Today the Research and Advocacy Unit [RAU] launches a preliminary report on an audit conducted on the June 2013 Voters’ Roll.
A couple of months ago, I published “The Story of Beatrice Mtetwa-A Red Herring’ in which I posed a number of theories pertaining to Beatrice’s arrest. One of them was that Beatrice’s arrest was an intimidation tactic by state agents of all citizens who would wish to take the same stand as Beatrice; i.e. the stand to fight against any injustice visited upon individuals who are fighting for human rights and fundamental freedoms of citizens.
When South Africa was faced with the problems of negotiating its transition by an election in 1994, it produced an extremely important mechanism to ensure that the election would be free and fair, and that the overwhelming power of the South African state (dominated by the National Party) could not be used to the advantage of the governme
In several articles recently posted by RAU, it was noted that the President cannot comply with both the Electoral Law as it currently stands, and with the Constitutional Court ruling that elections be held by 31st July, 2013. Today’s (10.06.13) Herald has Professor Madhuku stating in effect “No problem. Mugabe can just use the Presidential Powers (Temporary Measures) Act to alter all the necessary provisions of the Electoral Act to enable him to meet the deadline”.
The “shocking pass rates” or should we say failure rates in the 2012 Ordinary level results are just a symptom of deep-rooted problems that have been developing in Zimbabwe’s education sector over the years. Reforming the education sector should be a top priority for any government or party that seriously wants to take charge of the echelons of power. This can be done by placing education at the core of their campaign strategy.
The Afrobarometer always provides highly interesting perspectives on what African citizens (as opposed to their governments) believe. Over the past decade the Afrobarometer has demonstrated the sophistication of African citizens’ understanding of politics, governance, and democracy. The findings are often surprising.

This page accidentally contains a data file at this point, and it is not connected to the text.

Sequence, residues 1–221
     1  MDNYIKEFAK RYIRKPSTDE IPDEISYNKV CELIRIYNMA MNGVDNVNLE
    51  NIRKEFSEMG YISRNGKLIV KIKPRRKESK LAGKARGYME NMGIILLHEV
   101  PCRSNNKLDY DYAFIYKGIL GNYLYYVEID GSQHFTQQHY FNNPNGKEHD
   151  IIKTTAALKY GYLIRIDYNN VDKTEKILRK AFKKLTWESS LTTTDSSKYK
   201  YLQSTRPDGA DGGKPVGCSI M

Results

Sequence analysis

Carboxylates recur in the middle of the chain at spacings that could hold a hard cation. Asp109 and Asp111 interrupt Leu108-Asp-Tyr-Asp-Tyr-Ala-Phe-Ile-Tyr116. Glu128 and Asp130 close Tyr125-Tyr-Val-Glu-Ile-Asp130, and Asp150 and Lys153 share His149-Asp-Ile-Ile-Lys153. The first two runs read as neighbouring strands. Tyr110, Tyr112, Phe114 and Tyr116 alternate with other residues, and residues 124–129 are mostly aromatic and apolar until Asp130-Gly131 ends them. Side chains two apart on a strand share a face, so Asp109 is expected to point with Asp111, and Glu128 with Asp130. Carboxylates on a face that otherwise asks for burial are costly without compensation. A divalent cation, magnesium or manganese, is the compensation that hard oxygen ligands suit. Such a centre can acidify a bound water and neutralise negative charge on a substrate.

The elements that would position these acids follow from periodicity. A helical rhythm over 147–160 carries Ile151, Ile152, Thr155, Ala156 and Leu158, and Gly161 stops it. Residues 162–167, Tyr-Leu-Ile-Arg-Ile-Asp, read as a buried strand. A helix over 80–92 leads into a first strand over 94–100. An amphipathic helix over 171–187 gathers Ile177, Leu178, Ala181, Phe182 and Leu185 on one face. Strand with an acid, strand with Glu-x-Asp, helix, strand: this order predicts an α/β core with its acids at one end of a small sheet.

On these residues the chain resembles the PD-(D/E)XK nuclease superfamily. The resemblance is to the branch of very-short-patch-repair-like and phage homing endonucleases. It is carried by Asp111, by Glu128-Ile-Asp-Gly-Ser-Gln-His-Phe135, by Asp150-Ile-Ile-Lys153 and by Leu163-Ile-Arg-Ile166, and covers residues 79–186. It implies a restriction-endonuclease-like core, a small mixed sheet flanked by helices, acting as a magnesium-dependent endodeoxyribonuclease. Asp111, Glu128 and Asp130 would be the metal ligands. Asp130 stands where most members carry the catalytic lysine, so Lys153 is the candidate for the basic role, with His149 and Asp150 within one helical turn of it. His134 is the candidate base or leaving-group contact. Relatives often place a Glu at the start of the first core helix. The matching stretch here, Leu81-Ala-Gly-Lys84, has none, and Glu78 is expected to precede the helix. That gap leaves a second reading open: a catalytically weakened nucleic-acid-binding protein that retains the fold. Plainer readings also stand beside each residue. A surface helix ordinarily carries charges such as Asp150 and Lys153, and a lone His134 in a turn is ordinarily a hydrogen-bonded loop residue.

“The constitution is never cast in stone. These loopholes must be picked up and there should be political will . . . In South Africa, they have failed to deal with the issue of homosexuality because there are homos in high places. The same can be said of the United States and other countries. We need to be vigilant on these kinds of loopholes. This is a big step and let’s subject it to further discussion,” he said.
This seems a rather stupid question to ask, and especially in Zimbabwe where we talk about this endlessly. However, this is not a trivial question, and we remember 2008 and 2002 more clearly than we do 2005. Simply put, is the killing, beating, and raping of citizens worse from the point of elections than the threatening, terrifying, and starving of the them? It all depends on the purpose and the consequence.
We have been speaking about an end to violence against women at every opportunity we have e.g. during the 16 Days of Gender Activism, The Women and Peace Conference and on V Day with the One Billion Rising and we will speak up again on International Women's Day on the 8th March but where is the action?
This year’s theme for Women’s Day is “A promise is a promise: Time for action to end violence against women.” Let’s all do our part to end the violence against women and girls.